Trusted Leader Blog
Access leadership and trust building communication tips to help you improve team productivity and safety.
Posts by Marie-Claire Ross:
Back when I was a kid in the 1980s, I attended one of my father’s business classes that he taught at a University. As an awkward 12 year old, in a class of what seemed like adults, I learnt about vision and mission statements. It made total sense and I fervently believed all companies needed to have them.
A few years ago, I remember reading a glowing interview with the CEO of a large Australian firm about the organisation’s sharemarket success and his new strategic plan. Everywhere you turned there was a business magazine promoting the words of the CEO and his ambitious Asian Pacific focused strategy, while he mocked other Australian companies for not following suit.
Over the years, I have worked with many low trust teams to improve their performance. Repeatedly, I still see well-meaning leaders inadvertently destroy trust in their teams.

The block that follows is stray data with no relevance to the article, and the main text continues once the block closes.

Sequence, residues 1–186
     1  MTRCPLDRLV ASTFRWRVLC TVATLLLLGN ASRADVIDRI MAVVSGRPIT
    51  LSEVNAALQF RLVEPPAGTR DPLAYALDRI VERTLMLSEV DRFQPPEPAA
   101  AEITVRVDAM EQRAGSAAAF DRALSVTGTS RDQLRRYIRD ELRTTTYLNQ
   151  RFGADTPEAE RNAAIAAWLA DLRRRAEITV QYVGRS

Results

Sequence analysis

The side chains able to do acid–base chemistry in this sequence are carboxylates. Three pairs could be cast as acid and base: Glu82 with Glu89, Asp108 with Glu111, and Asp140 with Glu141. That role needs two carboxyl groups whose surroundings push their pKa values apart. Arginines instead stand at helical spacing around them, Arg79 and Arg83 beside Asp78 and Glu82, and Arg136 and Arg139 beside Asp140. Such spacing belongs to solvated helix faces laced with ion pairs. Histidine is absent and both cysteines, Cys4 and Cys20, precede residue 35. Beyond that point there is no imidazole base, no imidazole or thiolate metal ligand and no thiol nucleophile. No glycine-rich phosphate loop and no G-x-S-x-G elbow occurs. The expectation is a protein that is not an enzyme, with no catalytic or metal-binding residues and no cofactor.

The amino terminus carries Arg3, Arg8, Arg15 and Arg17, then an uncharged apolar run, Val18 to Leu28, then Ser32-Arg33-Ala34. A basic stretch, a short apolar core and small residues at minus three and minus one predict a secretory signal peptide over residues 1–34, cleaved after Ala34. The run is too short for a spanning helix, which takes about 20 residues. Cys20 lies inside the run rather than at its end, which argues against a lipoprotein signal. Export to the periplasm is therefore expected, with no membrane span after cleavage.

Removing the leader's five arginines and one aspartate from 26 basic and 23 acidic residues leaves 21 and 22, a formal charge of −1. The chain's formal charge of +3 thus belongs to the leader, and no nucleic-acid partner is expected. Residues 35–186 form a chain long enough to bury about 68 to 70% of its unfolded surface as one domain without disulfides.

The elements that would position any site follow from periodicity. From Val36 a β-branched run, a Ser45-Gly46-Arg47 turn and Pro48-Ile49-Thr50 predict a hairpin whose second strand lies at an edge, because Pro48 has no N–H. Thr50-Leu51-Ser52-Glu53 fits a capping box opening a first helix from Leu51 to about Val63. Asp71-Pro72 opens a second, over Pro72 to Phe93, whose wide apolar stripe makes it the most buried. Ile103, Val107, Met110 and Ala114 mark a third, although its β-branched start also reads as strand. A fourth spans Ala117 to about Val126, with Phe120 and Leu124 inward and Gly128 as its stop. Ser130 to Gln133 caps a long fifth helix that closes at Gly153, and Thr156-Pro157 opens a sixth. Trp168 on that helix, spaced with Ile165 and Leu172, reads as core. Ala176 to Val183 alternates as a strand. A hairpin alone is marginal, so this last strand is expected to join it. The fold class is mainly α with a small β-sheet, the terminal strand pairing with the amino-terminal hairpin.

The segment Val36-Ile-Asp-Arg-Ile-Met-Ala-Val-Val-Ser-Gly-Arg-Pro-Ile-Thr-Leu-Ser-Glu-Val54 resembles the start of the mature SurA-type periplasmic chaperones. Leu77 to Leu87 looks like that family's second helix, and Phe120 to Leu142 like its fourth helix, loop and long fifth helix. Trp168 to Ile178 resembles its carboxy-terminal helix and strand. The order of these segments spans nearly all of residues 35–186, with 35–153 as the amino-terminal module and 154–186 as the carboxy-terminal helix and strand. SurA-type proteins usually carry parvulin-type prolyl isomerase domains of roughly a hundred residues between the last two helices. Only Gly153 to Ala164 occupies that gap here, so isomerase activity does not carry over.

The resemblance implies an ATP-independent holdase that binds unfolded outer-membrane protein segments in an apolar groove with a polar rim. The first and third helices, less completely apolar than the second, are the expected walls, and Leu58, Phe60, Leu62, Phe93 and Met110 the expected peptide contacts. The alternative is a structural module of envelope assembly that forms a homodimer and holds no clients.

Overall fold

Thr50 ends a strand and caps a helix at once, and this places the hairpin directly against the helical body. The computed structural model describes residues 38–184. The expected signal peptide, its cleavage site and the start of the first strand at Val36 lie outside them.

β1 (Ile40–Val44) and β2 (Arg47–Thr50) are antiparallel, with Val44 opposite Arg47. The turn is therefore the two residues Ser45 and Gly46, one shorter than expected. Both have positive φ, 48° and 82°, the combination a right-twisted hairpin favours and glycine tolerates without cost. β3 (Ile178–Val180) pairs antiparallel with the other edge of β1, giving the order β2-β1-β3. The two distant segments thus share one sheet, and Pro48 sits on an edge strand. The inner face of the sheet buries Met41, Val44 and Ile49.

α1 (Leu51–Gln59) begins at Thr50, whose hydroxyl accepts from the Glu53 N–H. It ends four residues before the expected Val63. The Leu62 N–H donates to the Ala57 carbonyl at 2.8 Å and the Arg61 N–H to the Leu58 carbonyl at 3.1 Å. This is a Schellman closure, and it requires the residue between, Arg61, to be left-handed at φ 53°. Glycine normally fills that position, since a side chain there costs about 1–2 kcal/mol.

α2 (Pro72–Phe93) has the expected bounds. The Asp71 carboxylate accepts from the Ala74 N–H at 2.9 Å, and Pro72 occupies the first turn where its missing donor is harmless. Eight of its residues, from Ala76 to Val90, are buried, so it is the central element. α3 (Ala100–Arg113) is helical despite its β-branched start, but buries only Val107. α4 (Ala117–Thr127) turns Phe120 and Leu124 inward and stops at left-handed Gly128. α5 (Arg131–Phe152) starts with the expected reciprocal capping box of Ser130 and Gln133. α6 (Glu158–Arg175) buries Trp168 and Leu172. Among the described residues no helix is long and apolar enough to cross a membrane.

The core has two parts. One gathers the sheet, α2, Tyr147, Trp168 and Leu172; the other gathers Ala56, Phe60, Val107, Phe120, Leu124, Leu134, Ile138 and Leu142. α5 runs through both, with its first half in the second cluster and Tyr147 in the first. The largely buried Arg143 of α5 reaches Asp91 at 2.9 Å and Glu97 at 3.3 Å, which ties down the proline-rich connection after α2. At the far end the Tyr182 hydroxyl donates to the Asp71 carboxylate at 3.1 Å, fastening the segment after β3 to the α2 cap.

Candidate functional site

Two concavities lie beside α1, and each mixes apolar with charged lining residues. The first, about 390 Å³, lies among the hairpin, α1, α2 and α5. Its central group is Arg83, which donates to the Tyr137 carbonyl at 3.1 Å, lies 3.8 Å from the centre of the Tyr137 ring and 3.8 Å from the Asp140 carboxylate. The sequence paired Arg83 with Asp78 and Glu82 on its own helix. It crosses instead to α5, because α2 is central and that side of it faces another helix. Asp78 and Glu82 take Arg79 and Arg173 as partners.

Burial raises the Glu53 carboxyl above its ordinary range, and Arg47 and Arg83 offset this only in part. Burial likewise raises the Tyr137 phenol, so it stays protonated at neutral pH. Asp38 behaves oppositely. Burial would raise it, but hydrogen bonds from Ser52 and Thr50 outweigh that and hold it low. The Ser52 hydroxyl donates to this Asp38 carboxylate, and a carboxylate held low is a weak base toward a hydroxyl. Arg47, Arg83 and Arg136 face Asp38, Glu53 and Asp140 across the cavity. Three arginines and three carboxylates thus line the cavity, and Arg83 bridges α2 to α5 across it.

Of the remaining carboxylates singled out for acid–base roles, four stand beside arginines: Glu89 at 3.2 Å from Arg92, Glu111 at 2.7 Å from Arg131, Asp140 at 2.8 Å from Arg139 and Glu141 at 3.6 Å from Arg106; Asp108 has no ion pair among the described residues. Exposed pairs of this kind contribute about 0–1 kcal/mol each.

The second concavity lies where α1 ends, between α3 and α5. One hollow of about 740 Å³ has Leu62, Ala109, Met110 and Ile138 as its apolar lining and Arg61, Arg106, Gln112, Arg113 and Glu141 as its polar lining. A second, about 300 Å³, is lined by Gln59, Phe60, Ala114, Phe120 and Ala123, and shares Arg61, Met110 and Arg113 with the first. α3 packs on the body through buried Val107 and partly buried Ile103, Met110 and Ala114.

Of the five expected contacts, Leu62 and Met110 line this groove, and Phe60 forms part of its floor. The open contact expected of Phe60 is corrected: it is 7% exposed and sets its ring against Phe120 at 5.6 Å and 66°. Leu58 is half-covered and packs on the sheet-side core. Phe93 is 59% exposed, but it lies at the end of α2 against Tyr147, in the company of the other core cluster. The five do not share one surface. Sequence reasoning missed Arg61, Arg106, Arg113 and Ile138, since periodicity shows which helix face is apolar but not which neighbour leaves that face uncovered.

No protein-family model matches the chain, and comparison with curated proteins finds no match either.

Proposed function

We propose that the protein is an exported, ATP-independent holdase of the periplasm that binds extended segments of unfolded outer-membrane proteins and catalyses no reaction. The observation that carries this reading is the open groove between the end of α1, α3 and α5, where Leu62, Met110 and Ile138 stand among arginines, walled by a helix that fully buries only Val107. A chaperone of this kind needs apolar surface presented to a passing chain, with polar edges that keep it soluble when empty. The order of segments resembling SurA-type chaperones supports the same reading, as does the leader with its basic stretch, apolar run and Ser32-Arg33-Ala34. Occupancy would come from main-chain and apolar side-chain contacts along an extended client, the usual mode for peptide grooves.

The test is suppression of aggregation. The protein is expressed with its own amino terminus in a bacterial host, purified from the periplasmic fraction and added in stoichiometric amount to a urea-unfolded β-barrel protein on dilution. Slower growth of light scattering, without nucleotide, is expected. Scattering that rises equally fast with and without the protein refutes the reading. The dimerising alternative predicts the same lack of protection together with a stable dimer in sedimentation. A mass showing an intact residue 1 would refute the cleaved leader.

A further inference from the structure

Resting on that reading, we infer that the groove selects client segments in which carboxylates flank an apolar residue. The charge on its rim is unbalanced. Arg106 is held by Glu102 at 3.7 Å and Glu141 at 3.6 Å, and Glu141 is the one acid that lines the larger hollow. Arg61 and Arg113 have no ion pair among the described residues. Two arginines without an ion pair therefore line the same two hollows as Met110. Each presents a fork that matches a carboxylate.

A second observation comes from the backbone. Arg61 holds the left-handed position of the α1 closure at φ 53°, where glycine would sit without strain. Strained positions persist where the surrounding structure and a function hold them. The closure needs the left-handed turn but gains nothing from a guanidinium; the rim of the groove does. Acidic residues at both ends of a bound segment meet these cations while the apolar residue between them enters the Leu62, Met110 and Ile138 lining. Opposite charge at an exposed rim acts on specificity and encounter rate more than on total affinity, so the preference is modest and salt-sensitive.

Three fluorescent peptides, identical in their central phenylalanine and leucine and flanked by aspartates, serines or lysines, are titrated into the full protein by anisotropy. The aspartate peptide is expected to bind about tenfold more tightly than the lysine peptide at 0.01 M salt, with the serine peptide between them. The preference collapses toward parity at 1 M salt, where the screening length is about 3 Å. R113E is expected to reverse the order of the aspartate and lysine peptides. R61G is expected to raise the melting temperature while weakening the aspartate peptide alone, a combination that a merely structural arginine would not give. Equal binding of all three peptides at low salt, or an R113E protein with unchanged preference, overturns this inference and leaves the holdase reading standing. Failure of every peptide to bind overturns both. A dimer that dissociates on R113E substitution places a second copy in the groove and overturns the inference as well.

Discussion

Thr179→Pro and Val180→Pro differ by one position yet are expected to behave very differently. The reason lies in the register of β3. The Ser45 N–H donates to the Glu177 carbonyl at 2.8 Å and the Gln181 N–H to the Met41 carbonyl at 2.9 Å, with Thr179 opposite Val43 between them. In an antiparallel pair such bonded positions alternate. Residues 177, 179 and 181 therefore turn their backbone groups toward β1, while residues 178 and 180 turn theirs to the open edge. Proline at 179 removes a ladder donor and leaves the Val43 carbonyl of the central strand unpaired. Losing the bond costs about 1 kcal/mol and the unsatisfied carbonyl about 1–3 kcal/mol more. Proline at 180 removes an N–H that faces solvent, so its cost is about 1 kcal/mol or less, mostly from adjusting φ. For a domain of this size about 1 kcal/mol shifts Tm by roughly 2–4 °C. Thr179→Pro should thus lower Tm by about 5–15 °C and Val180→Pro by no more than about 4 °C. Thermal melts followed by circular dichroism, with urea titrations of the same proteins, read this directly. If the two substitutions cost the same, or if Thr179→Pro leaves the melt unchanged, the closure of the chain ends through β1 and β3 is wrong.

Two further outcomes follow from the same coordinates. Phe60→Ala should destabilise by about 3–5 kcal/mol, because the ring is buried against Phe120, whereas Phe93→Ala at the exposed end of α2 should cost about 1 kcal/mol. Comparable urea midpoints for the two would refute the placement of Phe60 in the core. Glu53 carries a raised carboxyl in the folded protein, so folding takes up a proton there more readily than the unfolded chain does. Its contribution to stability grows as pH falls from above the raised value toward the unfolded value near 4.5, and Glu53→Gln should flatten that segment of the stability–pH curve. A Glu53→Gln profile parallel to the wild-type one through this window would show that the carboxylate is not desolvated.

Trust is the cornerstone of business. It’s the basis of every human relationship, every interaction, every communication, every initiative, every work project and even any strategic imperative you need to accomplish.
When it comes to helping companies build trust internally, one of the things I learnt pretty quickly is that if 1-2 members of the executive team do not support any initiatives to improve trust then all subsequent efforts will fail.
Thanks to our tribal ancestry, we see ourselves in terms of other people and groups. Evolution has taught us that it is beneficial to live in tribes, where we can share out the work of daily survival.
In today’s pressure cooker business world, there is greater uncertainty and risk for people and organisations. It’s during these turbulent and unpredictable times that trust issues begin to surface, sometimes unbeknownst to leaders. Used to the times when things were predictable and the stakes low, leadership didn’t even need to consider trust. But throw in some instability and fear, and all of a sudden trust problems can become a strategic execution derailer.